Recently in Wayne Box Miller Category
The passing of Jack Twyman was indeed a loss for the University of Cincinnati and he will long be remembered for contributing to the success of its basketball and athletic programs. But by now you know he is being remembered, revered and celebrated for the humanitarian that he was and rightfully so.
I was fortunate to meet him in the 70's when I coached a basketball team in a city league and we played against a team on which his son played. He was there not as an NBA player but a dad rooting on his son and their team. I nervously but with some confidence walked up to him and said hello after the game and he was very gracious. It was the classic brush with a star but left the right and lasting impression on me.
It wasn't until later in life I knew and truly understood what he did by becoming the legal guardian for fellow teammate Maurice Stokes that elevated my respect for him. Not just that he did it but, at the age he made this life changing decision; 23 years old and in the prime of your life as a young man. I can't think of many, if any, who would give up that prime time in their life to the degree that Jack did. Those kind of friends are rare and as Jesse Jackson said should be the basis for an award that epitomizes those qualities in an athlete who understands there is more to life than the game; Jack wasn't just a ball player, he was a humanitarian. He was a giver; unselfish, caring, compassionate and kind. Not perfect mind you, as none of us are, but a step above most absolutely.
Years later we conversed again and this time for quite a while. He was a guest on my radio show thanks to his son in law, Josh, who I worked with at that time. We not only talked about the NBA and Maurice Stokes but also his comparison to a similar physically and talented player named LeBron James. We talked a little about life and it was just as enjoyable as I thought it would be. It was filled with candor, laughter and a joy that makes you glad you had the chance to interview such a special person.
With his passing I found myself, as I'm sure many of you have, asking that hard question: Could I have done the same thing, at the same age with the same set of circumstances including giving up the prime of my life to take full custody of a friend who needed around the clock care? I want to say yes and I want to say I'd do it now if I had to.
We don't have to ask WWJD. We don't have to ask what would Jack do either.
That's the way I see it, sitting in The Box Seat.
As we transition from the NCAA basketball tournament, spring football, baseball, golf and other sports take center stage reminding me of my on going commitment to myself to continue lobbying for the most fitting tribute, for the most deserving alumni in the history of UC athletics if not UC period.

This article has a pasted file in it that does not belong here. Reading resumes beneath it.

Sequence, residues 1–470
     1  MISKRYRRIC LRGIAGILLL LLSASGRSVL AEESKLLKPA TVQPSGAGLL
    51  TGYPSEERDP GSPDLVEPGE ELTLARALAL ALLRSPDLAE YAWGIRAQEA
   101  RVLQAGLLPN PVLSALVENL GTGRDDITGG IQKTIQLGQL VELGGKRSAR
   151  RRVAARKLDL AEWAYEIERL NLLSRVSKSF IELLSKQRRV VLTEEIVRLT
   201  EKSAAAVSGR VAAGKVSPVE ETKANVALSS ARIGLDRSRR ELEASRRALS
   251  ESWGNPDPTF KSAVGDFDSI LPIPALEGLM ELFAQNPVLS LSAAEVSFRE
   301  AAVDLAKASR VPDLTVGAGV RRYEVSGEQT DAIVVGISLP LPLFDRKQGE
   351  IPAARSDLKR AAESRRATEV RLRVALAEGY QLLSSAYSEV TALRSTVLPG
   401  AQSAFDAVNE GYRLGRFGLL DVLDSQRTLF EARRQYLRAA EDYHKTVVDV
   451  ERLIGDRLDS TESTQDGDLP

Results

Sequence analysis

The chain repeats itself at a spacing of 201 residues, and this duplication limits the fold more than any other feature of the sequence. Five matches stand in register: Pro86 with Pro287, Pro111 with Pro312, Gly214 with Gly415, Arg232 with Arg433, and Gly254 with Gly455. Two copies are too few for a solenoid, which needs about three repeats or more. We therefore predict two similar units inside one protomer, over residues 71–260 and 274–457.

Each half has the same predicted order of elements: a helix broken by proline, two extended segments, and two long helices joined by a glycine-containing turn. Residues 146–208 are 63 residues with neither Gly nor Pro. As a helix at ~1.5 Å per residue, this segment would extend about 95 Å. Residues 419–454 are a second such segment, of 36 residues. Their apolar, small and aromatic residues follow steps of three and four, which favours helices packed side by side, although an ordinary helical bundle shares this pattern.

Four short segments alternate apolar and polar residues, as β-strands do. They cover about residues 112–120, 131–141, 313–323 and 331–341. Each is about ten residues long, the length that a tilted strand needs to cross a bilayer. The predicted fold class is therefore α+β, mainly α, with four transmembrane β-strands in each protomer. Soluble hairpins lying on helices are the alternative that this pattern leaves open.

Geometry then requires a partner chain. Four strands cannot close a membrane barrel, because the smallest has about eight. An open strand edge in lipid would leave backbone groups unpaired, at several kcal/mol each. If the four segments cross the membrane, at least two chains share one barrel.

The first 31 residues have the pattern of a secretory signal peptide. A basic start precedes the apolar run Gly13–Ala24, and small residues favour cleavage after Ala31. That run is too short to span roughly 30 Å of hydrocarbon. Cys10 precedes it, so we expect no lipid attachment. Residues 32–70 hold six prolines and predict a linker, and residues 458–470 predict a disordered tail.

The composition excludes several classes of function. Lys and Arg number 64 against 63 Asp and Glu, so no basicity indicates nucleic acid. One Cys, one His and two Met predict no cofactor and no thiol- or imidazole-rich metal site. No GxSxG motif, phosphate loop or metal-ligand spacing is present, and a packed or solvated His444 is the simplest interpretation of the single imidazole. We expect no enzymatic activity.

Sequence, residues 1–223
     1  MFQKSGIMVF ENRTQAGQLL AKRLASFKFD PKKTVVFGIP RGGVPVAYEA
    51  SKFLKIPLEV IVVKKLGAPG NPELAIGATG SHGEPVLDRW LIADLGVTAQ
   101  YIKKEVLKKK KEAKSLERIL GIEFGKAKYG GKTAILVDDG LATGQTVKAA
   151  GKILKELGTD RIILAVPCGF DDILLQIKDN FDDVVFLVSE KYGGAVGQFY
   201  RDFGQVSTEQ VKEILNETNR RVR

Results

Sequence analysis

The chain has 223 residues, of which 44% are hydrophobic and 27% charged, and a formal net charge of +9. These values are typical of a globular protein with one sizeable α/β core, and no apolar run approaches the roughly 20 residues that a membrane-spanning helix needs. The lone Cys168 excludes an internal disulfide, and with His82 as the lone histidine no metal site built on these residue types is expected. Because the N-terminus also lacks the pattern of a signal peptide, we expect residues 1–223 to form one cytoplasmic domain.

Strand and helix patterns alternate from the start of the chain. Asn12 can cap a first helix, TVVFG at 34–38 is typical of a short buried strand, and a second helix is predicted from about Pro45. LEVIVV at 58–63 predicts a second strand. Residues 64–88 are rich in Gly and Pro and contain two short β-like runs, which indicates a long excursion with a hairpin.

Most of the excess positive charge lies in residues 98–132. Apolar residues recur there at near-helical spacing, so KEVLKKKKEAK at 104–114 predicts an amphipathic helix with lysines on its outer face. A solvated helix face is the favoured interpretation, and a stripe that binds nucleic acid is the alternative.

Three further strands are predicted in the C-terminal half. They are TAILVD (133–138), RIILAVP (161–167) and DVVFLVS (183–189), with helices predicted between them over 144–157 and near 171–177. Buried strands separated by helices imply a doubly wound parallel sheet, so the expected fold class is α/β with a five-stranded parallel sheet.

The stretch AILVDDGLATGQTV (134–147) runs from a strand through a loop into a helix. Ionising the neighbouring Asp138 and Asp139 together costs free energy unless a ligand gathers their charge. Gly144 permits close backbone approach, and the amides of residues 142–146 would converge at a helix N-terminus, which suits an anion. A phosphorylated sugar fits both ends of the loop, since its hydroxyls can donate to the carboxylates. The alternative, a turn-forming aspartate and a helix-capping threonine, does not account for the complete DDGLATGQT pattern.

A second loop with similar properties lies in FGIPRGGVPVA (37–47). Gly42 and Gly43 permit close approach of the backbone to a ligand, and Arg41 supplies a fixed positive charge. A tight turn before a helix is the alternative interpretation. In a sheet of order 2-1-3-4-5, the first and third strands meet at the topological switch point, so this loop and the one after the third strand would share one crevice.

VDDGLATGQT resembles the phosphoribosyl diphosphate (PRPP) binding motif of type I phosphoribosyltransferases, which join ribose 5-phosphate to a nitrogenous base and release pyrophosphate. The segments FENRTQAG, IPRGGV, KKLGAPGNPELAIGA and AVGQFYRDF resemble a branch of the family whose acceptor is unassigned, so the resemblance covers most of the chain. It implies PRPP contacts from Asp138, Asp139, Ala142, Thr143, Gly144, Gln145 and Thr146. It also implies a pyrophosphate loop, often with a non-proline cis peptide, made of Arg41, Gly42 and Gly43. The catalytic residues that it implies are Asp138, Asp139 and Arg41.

His name is instantly recognizable; his nickname is a brand unto itself and he has stayed connected to the University of Cincinnati not just in name but with contributions beyond the money. With the obvious need for a new basketball venue, seeing that Shoemaker Center's time has come and gone, it is only fitting that I once again champion the cause in print for a new facility to be built in his honor. Ladies and gentlemen, Alumni and students I present to you the Big Orena (not arena).
Oscar Robertson is one of the most deserving individuals in the history of college basketball and the University of Cincinnati. When Bob Huggins was removed he stepped in; when recruits come and coaches want to show him as a jewel of the University he complies. When he is on TV, in print or on radio the UC name is mentioned so much that a PR firm could easily calculate the value into the millions of dollars. So that in itself should offset the cry that naming rights take precedent over Oscar. I think he has valuated himself worthy of the ultimate naming rights for this new venue.
I have seen broadcasters run to his seat to say hello and ask for autographs; game officials do the same. I have seen successful businessmen and parents alike seek out his hand or signature. That alone justifies my request as to his name taking its rightful place on a new arena. And while you're at it, name the street Big O Boulevard and the address One Big O Boulevard to cement the deal.
Oscars' name is as legendary as his play. The National Basketball Writers of America have named their player of the year award after him so why can't UC name their venue after him? Even if it calls for another 1-2 years before you start, make the announcement now. Oscar, nor you or I, are getting any younger and to do this after he would be gone would be sad. I would say along the lines of Buck O'Neil's blatant snub by Cooperstown, not admitting him to the hall until it was done posthumously while everyone knew it should have been done while he was around to see it and enjoy it.
The time has come; it has always been here and while I see other universities name courts after coaches, deservedly so while they're alive to see it, I think why can't we? I would love to help and I think the Nike's, Reebok's, Converse, Magic Johnson's and others would agree too. Maybe we just need to ask them for their support.
That's the way I see it, sitting in The Box Seat.